The cost of purchase and installation is usually the main concern for engineers and building owners when evaluating a new HVAC system for a facility, but this is only one part of the equation for picking the right one.
Even the highest-end HVAC systems won’t perform well if there is a mismatch between their capabilities and facility requirements. Here are four important questions to ask at the start of the process when evaluating systems.
1) How tightly does temperature and humidity need to be controlled within the facility?
When designing an HVAC system for a facility, it’s vital to know the specific load requirements for meeting the needs of a space. For example, a medical building will have different temperature and humidity requirements than a warehouse.
When calculating the true HVAC system load required to meet the needs of the facility, avoid using rules of thumb — underestimating or overestimating the load causes problems in the long run. Oversizing the HVAC equipment relative to facility needs can lead to occupant discomfort, temperature swings and short cycling. If undersized, the system may not be able to keep up with demand.
2) Can the HVAC equipment handle humidity requirements for the facility?
If a building or zone exceeds 60 percent relative humidity, it can cause discomfort and mold growth issues. Because the use of outdoor air for ventilation can significantly increase the moisture content within a building, it’s important to factor in the total capacity of the system to reduce humidity. It’s costly to make up the difference with supplemental equipment after the fact.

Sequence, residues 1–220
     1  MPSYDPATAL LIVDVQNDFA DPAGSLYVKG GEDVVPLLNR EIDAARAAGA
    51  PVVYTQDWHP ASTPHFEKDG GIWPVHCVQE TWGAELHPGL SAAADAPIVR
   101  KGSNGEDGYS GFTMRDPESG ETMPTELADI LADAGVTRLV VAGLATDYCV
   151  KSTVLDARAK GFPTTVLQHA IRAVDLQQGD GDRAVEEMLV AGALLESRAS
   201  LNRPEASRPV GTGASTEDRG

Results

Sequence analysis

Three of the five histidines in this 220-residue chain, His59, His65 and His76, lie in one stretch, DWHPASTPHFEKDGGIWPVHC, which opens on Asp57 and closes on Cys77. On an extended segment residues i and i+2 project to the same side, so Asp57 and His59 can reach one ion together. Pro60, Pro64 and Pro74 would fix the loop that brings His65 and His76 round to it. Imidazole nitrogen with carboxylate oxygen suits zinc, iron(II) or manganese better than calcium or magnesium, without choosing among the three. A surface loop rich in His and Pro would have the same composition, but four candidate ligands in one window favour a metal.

3) How much will it cost to maintain the HVAC system?
Something else to keep in mind when calculating the operation costs for HVAC systems: the routine maintenance needed to keep them running at full efficiency. If your maintenance staff does not have the technical know-how to maintain equipment, the cost of service contracts or frequent service calls from outside vendors can add up quickly. It’s important to choose a system that is reliable and that in-house staff can easily maintain.
4) If the project is a retrofit, are there space or weight constraints for HVAC equipment?
Be sure to evaluate the physical dimensions and weight of any HVAC system you’re considering. If you are planning to retrofit your commercial facility with a new system, the equipment needs to be able to integrate into the existing space to avoid the need for costly renovations.